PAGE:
An intense graphic memoir: “Stitches”

Stitches: A Memoir by David SmallDavid Small is an award-winning illustrator of children’s picture books.  He used his artistic talent to make life meaningful, let alone livable. 

His graphic memoir — cartoon scenes with narrative — of his 1950s childhood is to be released September 8.  This weekend, I read an advance copy in two short sittings. 

The unsettling images and the story they tell kept me looking at the next page, and the next, and the next. I now, still, keep looking. In gray and white, they unveil the cruelty of David’s repressed parents who raised their two sons in a Detroit home of hidden emotions, silence and deeply rooted rage. There is no color in this book, Stitches: A Memoir, of any kind.

David Small's fatherDavid suffered with breathing difficulties, and his father, a radiologist, treated his condition with excessive doses of radiation.  It was the accepted therapy in the ’50s.

When David developed a lump in his neck, at age 14, he went through two operations that removed a vocal cord and his thyroid. No one told him he had cancer. His father’s treatment was the likely cause of it. David couldn’t talk.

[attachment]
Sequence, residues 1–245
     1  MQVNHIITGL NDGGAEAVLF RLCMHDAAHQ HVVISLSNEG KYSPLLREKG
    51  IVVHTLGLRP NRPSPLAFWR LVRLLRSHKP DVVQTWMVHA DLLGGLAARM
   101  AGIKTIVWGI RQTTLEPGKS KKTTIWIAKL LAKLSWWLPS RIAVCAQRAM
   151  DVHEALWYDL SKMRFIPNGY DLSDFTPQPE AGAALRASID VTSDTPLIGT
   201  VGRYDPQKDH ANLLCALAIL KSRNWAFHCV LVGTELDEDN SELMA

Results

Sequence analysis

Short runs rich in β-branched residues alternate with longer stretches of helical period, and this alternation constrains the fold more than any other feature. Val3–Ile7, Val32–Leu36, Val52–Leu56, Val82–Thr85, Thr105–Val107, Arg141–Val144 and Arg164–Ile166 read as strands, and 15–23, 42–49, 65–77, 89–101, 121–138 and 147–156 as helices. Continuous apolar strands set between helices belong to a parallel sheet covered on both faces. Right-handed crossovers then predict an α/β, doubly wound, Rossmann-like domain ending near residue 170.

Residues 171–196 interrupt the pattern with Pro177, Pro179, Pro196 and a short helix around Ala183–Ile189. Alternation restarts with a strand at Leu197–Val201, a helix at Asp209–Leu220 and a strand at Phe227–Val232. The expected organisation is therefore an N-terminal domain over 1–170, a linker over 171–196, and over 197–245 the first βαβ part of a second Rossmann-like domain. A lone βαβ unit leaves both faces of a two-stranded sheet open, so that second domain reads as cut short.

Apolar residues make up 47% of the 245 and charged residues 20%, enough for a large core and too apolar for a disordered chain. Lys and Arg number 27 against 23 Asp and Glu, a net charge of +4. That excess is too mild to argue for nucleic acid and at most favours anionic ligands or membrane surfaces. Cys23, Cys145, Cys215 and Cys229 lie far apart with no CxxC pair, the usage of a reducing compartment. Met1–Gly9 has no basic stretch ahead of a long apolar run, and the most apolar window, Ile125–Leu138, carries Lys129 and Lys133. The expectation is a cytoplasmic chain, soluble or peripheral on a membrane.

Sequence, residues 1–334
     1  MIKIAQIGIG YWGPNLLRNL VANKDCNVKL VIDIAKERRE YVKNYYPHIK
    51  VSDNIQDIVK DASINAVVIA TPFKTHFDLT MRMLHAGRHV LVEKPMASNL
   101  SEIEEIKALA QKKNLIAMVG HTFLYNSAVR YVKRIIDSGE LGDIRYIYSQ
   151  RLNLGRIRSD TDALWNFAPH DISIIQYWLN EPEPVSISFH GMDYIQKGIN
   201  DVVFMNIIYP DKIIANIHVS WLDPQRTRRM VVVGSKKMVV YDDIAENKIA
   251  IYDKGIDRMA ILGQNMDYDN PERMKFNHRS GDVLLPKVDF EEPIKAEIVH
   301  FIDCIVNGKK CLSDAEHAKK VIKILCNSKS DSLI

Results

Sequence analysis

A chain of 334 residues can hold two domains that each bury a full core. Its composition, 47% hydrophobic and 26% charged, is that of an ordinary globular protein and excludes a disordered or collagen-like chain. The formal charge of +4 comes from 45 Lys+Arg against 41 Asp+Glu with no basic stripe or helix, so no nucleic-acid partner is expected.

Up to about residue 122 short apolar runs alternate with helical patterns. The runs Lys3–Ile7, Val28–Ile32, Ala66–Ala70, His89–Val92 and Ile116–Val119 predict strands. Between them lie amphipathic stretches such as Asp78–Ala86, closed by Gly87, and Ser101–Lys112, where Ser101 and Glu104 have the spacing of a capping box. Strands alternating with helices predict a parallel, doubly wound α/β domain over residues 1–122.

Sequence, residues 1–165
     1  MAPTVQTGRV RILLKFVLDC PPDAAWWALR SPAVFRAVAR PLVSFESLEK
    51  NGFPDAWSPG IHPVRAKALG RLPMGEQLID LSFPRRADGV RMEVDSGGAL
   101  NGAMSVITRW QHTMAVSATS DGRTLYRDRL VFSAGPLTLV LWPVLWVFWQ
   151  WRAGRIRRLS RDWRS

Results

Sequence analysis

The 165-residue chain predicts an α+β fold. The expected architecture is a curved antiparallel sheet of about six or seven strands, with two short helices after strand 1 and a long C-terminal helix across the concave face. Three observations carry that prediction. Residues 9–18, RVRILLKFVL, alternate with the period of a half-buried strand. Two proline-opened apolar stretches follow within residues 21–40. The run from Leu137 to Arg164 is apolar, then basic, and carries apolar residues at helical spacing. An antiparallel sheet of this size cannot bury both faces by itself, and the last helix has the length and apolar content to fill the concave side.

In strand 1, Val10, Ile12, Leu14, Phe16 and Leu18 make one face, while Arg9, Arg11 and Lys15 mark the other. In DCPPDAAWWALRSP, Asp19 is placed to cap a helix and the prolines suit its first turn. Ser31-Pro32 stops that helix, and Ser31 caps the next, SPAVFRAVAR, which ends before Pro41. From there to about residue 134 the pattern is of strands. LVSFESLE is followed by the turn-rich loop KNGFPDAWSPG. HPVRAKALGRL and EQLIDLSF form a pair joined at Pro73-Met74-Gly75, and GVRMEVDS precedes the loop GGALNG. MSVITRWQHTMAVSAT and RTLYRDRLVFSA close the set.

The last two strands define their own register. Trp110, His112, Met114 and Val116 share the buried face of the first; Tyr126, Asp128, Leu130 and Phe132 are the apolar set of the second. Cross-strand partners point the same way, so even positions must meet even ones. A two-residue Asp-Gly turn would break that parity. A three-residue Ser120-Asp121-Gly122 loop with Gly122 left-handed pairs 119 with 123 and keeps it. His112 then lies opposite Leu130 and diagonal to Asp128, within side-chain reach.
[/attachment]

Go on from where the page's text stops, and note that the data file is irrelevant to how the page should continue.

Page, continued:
This memoir is yet another dysfunctional family horror show. But Stitches stands apart by its distinguished style.

Instead of digesting difficult narrative passages of emotional abuse and neglect, we see it in facial expressions: the young David’s innocence, isolation and fear; his mother’s stinginess and bitter anger; his father’s cold, professional distance.

We see it in the unfolding of disturbing comic-strip sequences.

David Small learns the truth about his operations.David runs away when he’s 16 and lives in a one-room inner city apartment.  We’re not told how he pays for anything to survive, let alone how he gets into college and then Yale’s art school (which I learned from the press release).  But these gaps in information at the end of the book don’t make this story any less powerful.

Thank God for the white rabbit that enters David’s life when he is 15.  The image represents a life-saving psychiatrist who says to David, “You’ve been living in a world full of nonsense, David. No one had been telling you the truth about anything. But I’m going to tell you the truth.”

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